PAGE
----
VCs Agree: Startups Need Tools to Fight Patent Trolls

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Today, one hundred forty early stage investors from around the country joined Engine and the App Developers Alliance in urging Congress to pass meaningful patent reform legislation this session. Their position is consistent with the opinion of the broader venture community that patent trolls are harming the ecosystem in which they operate - reflected in a study by Robin Feldman of NVCA members,. Patent trolls make an uncertain patent system even less hospitable to innovation. And, as reported by Catherine Tucker, this means less financial investment.

Patent litigation abuse is a growing problem, with patent trolls having filed 2,791 new lawsuits in 2014 - up 500% from 2005. It’s also a problem that disproportionately harms startups. 82% of troll activity targets small and medium sized businesses, and 55% of troll suits are filed against startups with revenues of less than $10 million.

In their letter to Congress, the investors write: “[W]e find our portfolio companies facing a dangerous patent troll problem. When a troll sues, or even threatens, a small startup, the results can be disastrous. Many of us have seen young companies fail in the face of such threats. In fact, a recent survey found that 70% of VCs have portfolio companies that have received patent demands, the majority of which come from so-called patent trolls. This is not sustainable.”

Engine and these investors agree that we need legislation targeted at the patent troll’s business model – threatening small businesses with ambiguous claims and taking advantage of asymmetries in the patent litigation system to force settlement.

The current system does not take into consideration a new generation of innovators and tech entrepreneurs. The massive influx of patents in this particular space creates more confusion as to what’s already been invented and who is infringing - and this confusion builds on the large amount of uncertainty that already accompanies patent litigation.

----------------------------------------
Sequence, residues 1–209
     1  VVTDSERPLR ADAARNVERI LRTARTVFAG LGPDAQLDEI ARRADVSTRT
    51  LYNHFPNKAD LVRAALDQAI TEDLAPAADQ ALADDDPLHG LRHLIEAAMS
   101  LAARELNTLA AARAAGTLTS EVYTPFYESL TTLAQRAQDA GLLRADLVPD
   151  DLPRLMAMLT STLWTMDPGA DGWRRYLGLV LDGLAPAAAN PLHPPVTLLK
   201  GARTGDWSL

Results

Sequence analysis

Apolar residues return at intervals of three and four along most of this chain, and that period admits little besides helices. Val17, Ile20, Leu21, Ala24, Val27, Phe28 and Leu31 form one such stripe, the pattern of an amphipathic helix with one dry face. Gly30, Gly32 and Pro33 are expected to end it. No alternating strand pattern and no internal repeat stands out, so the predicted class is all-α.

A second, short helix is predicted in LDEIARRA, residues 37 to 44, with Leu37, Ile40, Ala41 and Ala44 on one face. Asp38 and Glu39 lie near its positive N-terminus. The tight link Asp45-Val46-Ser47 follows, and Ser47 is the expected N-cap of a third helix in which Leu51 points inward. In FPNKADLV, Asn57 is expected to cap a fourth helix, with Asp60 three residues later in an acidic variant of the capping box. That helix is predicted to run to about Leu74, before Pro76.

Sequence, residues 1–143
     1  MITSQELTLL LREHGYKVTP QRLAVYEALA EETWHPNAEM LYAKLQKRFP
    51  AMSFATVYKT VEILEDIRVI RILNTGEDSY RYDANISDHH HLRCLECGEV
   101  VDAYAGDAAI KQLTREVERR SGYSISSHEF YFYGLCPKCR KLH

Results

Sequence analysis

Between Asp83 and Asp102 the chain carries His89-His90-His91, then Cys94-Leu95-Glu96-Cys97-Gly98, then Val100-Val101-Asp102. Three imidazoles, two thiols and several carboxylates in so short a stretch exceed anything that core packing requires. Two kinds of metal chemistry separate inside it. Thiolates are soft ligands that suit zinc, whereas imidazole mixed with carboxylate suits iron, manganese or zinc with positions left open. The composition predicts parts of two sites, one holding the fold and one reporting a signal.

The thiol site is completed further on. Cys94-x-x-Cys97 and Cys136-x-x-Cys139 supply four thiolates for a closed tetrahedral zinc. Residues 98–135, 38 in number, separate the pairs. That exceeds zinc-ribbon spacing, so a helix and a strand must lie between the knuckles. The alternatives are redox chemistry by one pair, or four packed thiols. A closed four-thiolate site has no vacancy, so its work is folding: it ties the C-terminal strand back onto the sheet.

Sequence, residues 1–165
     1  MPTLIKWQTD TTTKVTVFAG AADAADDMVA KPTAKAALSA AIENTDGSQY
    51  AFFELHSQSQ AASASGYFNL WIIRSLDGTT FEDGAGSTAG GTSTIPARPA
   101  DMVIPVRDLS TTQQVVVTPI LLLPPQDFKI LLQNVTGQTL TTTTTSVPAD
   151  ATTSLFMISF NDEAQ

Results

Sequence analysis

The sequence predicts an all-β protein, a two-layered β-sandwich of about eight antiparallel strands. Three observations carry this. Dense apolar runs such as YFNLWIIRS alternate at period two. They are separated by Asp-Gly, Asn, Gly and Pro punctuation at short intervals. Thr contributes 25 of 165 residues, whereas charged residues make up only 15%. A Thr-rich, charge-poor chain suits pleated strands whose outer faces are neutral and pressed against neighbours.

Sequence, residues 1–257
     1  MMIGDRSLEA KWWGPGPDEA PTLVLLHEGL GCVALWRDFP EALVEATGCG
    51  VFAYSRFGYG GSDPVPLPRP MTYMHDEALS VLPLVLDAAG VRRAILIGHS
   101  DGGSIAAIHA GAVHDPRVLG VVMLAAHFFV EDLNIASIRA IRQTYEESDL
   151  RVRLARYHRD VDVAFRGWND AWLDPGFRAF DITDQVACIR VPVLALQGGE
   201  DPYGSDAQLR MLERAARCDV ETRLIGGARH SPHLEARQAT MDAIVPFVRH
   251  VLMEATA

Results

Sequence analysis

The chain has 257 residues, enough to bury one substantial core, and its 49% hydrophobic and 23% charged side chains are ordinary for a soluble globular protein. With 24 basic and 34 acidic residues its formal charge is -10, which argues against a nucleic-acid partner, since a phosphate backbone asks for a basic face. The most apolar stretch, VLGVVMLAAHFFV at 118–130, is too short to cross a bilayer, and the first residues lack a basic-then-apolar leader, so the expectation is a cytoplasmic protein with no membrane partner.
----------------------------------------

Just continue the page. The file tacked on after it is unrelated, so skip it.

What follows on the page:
Enter the Innovation Act: a bipartisan bill that was recently reintroduced by Rep. Goodlatte, aimed at making patent litigation a more fair assessment of infringement rather than a tool for intimidation. The Innovation Act is carefully tailored so as not to weaken patents but rather require plaintiffs to bring better cases in a number of key ways:

  • By requiring judges to consider end-of-case fee-shifting; the looming threat of fees will pressure bad actors to act more “reasonably” from the beginning of the case in order to avoid the possibility of paying the defendant’s fees.
  • By limiting a troll’s ability to drive up the cost of discovery (and by default increase the time it takes to complete this step) early in the case, the language addresses a frequently used method for leveraging the high cost of this step early in a suit to extort settlements.
  • By requiring a more comprehensive complaint from the plaintiff at the beginning of the case, the defendant will not only be properly informed but the “reasonableness” of the plaintiff’s claims will be clearer.

These provisions set out better litigation practices that will lead to more efficient litigation. And better litigation reduces the burden for plaintiffs, defendants, and the courts.

At the moment, startup defendants do not have access to justice in the courts. Most simply can’t afford the ongoing costs of patent litigation. If everyone is forced to settle, without invalidating the patent, we feed the beast and encourage a growing number of startup casualties.


The one hundred forty VC partners that signed today’s letter are part of the growing chorus in favor of real patent reform. But we need to make sure everyone’s voice is being heard by Congress, to combat the powerful entrenched interests that are opposed to change. So please go to fixpatents.org to learn more about the problem, and to use our handy tool to tweet at your representatives. Together we can stop patent trolls and protect the future of American innovation.